It's Friday, and let's face it, who couldn't use a drink? And if that drink is mixed by machine, all the better, I say.
Before you think I may have already had one too many and am talking a load of nonsense, I present to you… The Inebriator.
Powered by an Arduino Mega 2560 microprocessor project board, the Inebriator is designed to make it almost effortless to mix up perfect cocktails in seconds without the hassle of having to look up ingredients or carefully measure out spirits and mixers.
Click on the photo below to check it out.
The machine comes with a Hitachi HD44780 compatible display to display drink information and buttons to navigate the menu. The Inebriator also boasts a stepper motor to drive the drink shelf, with acceleration and deceleration to allow high speed without spilling, and a DC motor to operate the optics.
Nice use of tapping into the power of the Arduino platform. The addition of the RFID sensor to cut off those that partake too much is clever. I have to say, the Siri-driven margarita maker looks a little less cludgey and more appealing to me.
I don't drink alcohol but from what I've seen, the interaction between the bartender and guest is important. The skill needed to make a "good drink" or even get create something new and unique is appreciated. Perfection isn't required.
This looks cool but it's dry and impersonal. It's the equivalent of an automated sushi chef.
Agreed it defeats the point, Nadine. Plus after watching the video, all the different stops for different alcohol flavors coupled with the LED colored flashing lights gave it a rather manufactured feel, not to mention, giving me a slight hang over. Too much like the equvialent of fast food for cocktails. I'll stick with a cocktail made with hands-on professional attention. Maybe we could pair this machine with the Popinator!
NadineJ, I agree. The machine is very impersonal and I don't really see the point behind it. The entertainment behind it is loss by the robo-tech appearance. I'm an advocate for robots that perform tasks too dangerous for humans but making drinks for social events just doesn't seem right. Although the machine has no appeal to me, I agree with using the Arduino Mega2560 microcontroller platform in managing the Inebriator's extensive I/O.
I find few things more annoying than an automated phone attandant, but these days, nearly every company uses them instead of a human operator. If someone can find a way to eliminate the need for a human bartender and save money, this will become popular, too, unfortunately.
Chuck, while I'm not so sure this machine really beats the human bartender, there are some automated functions that have really earned their keep. I prefer the ATM to the inside-the-building teller. Paying a bill online or via an automated system on the phone beats mailing the coupon. And half the time I make a phone call, I prefer reaching voicemail. I can efficiently deliver my message and go.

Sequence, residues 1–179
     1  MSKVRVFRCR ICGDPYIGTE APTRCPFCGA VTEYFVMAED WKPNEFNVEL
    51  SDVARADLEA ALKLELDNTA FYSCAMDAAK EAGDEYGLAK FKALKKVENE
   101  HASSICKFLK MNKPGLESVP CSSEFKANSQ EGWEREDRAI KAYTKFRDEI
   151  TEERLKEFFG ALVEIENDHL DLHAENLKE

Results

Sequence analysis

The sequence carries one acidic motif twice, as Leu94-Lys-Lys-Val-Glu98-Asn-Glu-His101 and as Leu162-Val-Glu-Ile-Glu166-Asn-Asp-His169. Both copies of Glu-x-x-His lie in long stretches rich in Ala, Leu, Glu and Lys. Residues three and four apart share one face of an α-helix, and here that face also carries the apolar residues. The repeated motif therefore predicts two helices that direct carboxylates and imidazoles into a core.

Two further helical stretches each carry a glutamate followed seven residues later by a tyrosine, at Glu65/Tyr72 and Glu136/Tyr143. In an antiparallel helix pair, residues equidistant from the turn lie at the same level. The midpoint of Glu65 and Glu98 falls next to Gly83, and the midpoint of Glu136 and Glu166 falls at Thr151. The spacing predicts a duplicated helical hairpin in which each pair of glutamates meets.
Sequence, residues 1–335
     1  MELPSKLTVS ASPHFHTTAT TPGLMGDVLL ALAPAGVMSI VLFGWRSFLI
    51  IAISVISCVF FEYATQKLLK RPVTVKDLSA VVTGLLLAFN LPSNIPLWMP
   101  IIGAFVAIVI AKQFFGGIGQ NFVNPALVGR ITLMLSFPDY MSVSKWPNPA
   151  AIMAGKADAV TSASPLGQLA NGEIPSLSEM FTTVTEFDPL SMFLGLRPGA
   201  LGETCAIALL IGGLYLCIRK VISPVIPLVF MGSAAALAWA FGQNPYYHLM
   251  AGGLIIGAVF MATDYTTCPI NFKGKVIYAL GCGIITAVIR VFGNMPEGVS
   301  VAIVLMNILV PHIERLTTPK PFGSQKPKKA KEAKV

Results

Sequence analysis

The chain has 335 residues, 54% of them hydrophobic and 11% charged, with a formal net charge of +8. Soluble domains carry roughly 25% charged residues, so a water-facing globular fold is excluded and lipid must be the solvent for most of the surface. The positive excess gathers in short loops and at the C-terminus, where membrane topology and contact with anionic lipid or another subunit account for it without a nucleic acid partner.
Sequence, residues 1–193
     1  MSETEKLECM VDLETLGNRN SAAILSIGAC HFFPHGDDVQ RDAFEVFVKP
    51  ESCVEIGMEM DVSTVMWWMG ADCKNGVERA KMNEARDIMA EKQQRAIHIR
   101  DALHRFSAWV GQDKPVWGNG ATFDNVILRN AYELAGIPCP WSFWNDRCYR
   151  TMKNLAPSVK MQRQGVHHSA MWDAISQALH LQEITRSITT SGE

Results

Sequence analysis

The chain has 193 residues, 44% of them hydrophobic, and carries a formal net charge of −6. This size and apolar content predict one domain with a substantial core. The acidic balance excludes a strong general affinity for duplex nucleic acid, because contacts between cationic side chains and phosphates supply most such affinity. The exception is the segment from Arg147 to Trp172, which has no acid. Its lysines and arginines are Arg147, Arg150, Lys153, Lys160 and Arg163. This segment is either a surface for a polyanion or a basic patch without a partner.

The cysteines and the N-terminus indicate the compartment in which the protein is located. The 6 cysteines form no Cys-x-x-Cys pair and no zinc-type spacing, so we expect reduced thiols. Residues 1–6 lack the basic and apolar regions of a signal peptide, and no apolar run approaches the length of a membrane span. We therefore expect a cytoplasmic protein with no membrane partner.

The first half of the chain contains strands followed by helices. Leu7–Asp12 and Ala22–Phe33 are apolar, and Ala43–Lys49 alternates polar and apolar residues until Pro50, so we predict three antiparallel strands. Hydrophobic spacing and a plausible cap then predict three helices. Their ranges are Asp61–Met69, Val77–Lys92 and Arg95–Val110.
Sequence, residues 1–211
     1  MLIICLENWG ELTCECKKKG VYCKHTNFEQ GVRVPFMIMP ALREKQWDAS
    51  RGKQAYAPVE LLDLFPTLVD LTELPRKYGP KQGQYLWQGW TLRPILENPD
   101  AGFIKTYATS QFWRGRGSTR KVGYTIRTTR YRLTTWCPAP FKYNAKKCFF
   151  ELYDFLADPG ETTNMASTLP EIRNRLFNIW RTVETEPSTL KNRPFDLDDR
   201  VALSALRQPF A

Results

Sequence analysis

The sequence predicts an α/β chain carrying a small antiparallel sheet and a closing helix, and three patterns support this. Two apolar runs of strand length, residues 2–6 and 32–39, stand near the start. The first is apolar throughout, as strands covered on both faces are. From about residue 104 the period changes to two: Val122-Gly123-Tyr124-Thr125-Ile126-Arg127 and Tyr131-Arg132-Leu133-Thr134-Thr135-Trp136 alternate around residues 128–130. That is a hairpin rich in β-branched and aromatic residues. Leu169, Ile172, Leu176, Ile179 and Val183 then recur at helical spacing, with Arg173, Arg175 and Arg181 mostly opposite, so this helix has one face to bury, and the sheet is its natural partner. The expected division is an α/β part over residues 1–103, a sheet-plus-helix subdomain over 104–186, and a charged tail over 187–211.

This is a cool machine, but from the bartenders I've seen, this machine would be a tad slow. However, I'm sure this would be useful for tracking drinks, tracking supply consumption, and controlling portions.
I think the automated bartender would have it's niche, but I'll stick with the good old fashioned human for quickness and knowledge of mixology. This in no way takes away from the design and function of The Inebriater; great project, use of microcontrollers and other technologies.
Yes, it is a good display of technology, Notarboca. Even if this isn't a reasonable replacement for a bartender, it does show off technology that would be very useful in other automation and control settings.
I agree with Rob and mrdon: cool machine, but when you are talking spirits, there is no substitute for a human at the controls for alcohol. Not only is a good bartender fun to watch and to converse with, they can vary the amounts of alcohol to fit the customer and situation, and they are fast. What happens when the machine breaks and the bartender doesn't know how to make an Alabama Slammer? You don't want to know. :}
Maybe this machine needs a breathalizer attached, that would prevent you from getting drinks at all after a certain amount, or regulate the amount of alcohol in your drinks accordingly. Yea... then you could take all the fun out of going to a bar. This kind of device is indicative of our changing business landscape, that is... removing people from the equation so that someone can make more money than they deserve, and supply an inferior product.
I agree with the earlier comment that this machine was designed to display motion control technology and not meant to seriously replace a bartender. Though the machine is fun to watch, when compared to a bartender in a busy situation, it is really rather slow.
Are they robots or androids? We're not exactly sure. Each talking, gesturing Geminoid looks exactly like a real individual, starting with their creator, professor Hiroshi Ishiguro of Osaka University in Japan.
For industrial control applications, or even a simple assembly line, that machine can go almost 24/7 without a break. But what happens when the task is a little more complex? That’s where the “smart” machine would come in. The smart machine is one that has some simple (or complex in some cases) processing capability to be able to adapt to changing conditions. Such machines are suited for a host of applications, including automotive, aerospace, defense, medical, computers and electronics, telecommunications, consumer goods, and so on. This discussion will examine what’s possible with smart machines, and what tradeoffs need to be made to implement such a solution.